Torquay lies 16 miles (26 kilometres) south of Exeter along the A380 on the north of Torbay, 38 miles (61 km) north-east of Plymouth and adjoins the neighbouring town of Paignton on the west of the bay. - Google Map -
Torquay’s population of 62,963 during the 2001 UK Census made it the third largest settlement in Devon. If the Torbay area, of which Torquay forms a third, were to be recognised as a city as incumbent Torbay Mayor Nicholas Bye has proposed, it would rank as the 45th largest city in the United Kingdom with a population only slightly less than that of Brighton, which was granted city status in 2000.
During the peak summer season the resort's population swells to around 200,000 
The town's economy was initially based upon fishing and agriculture as in the case of Brixham across Torbay, but in the early 19th century the town began to develop into a fashionable seaside resort, initially frequented by members of the Royal Navy during the Napoleonic Wars while the Royal Navy anchored in the bay and later by the crème de la crème of Victorian society as the town's fame spread. Renowned for its healthful climate, the town earned the nickname of the English Riviera and favourable comparisons to Montpellier.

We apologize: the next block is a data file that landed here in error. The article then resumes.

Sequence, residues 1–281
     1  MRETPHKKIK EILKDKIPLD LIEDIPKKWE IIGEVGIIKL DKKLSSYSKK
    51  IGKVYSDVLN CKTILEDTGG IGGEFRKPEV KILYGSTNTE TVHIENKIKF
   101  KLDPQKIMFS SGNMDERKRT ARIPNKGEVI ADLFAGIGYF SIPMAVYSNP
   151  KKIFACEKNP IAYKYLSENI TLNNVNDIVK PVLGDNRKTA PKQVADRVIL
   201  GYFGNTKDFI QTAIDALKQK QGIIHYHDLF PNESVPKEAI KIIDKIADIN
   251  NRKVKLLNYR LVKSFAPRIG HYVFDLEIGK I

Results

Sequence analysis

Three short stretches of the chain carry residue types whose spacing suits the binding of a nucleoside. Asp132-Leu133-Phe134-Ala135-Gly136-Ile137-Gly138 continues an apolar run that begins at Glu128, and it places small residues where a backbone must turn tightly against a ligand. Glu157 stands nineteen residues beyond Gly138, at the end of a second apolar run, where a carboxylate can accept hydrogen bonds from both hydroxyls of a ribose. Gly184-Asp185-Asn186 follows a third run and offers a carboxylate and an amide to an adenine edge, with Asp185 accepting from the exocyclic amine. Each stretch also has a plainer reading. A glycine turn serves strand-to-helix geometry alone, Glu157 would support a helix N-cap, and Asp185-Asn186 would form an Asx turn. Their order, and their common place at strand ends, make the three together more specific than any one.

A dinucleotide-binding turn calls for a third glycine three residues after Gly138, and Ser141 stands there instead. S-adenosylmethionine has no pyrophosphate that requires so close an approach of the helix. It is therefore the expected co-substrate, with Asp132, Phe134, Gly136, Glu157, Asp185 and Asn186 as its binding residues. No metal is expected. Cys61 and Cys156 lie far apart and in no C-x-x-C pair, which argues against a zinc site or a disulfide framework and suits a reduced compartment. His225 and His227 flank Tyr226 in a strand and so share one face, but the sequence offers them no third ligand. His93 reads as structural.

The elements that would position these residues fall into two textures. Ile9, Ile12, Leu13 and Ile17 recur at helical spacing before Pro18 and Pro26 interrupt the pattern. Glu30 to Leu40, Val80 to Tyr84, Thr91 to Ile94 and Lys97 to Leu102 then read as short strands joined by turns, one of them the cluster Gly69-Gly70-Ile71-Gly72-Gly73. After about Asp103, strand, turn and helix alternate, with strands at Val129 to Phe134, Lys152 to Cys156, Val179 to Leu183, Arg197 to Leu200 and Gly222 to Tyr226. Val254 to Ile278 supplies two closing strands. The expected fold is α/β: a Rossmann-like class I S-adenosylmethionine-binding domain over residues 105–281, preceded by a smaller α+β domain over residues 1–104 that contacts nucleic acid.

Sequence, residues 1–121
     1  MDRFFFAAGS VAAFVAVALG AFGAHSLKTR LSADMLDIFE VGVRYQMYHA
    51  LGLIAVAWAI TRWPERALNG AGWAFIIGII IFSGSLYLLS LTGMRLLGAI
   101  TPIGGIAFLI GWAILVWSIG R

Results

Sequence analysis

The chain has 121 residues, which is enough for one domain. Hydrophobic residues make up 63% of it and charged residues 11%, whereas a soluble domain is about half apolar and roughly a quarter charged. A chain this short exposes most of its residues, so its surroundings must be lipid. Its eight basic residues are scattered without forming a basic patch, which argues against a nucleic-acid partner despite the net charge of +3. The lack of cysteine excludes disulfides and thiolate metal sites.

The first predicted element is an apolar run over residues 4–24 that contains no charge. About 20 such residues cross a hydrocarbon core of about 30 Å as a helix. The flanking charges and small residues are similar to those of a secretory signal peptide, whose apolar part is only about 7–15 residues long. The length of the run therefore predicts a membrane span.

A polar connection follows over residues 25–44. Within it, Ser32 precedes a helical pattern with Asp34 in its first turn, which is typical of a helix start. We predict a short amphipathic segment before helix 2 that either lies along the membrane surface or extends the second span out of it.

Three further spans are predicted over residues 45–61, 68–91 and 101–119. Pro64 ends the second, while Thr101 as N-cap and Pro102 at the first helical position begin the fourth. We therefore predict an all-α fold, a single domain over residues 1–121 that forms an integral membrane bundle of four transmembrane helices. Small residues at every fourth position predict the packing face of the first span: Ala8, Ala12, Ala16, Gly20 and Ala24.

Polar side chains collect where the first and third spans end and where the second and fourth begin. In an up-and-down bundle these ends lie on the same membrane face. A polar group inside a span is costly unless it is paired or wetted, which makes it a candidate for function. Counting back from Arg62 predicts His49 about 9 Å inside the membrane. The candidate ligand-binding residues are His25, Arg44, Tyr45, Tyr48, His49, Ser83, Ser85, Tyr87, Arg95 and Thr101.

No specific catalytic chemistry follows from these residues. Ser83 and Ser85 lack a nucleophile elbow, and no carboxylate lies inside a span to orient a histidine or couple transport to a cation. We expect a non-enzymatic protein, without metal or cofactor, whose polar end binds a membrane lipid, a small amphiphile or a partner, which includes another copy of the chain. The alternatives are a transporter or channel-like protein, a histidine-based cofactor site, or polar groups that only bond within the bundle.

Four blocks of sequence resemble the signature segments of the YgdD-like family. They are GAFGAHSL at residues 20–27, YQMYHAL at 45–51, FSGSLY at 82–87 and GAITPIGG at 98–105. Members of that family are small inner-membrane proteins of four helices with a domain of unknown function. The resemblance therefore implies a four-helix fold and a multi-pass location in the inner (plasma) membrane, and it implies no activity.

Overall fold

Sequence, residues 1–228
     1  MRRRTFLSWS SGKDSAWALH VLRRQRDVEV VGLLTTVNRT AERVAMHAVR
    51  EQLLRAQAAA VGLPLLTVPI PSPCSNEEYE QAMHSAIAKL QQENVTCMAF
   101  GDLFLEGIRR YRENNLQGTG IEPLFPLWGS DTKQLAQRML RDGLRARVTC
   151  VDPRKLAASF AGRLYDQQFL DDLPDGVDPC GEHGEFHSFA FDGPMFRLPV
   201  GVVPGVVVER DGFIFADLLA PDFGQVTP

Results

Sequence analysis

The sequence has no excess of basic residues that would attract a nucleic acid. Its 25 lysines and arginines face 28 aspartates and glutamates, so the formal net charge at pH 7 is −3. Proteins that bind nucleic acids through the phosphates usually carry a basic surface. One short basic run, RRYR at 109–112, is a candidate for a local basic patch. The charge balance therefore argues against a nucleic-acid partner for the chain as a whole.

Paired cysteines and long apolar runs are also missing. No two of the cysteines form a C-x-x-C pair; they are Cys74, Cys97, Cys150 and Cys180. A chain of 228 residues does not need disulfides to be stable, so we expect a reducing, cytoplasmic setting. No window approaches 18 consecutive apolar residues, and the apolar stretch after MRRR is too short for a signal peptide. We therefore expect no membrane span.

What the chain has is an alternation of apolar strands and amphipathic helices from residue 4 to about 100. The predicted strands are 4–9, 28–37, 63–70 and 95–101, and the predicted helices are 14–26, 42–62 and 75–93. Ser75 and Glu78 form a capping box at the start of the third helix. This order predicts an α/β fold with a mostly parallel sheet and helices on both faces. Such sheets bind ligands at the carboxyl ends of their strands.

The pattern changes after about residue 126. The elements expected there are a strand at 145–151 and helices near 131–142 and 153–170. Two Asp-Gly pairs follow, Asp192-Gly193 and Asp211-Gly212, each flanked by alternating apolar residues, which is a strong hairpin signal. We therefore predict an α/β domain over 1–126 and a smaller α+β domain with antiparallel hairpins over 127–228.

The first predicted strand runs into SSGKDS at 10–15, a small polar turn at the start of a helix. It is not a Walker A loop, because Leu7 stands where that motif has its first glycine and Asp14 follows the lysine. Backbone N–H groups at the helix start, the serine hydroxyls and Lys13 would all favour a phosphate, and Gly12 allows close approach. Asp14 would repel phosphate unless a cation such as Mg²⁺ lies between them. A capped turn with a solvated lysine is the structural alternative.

Torquay's name originates in it being the quay of the ancient village of Torre. In turn, Torre takes its name from the tor, the extensively quarried remains of which can be seen by the town's Tor Hill Road.
(text from Wikipedia)
Below you will find images from around the habour area.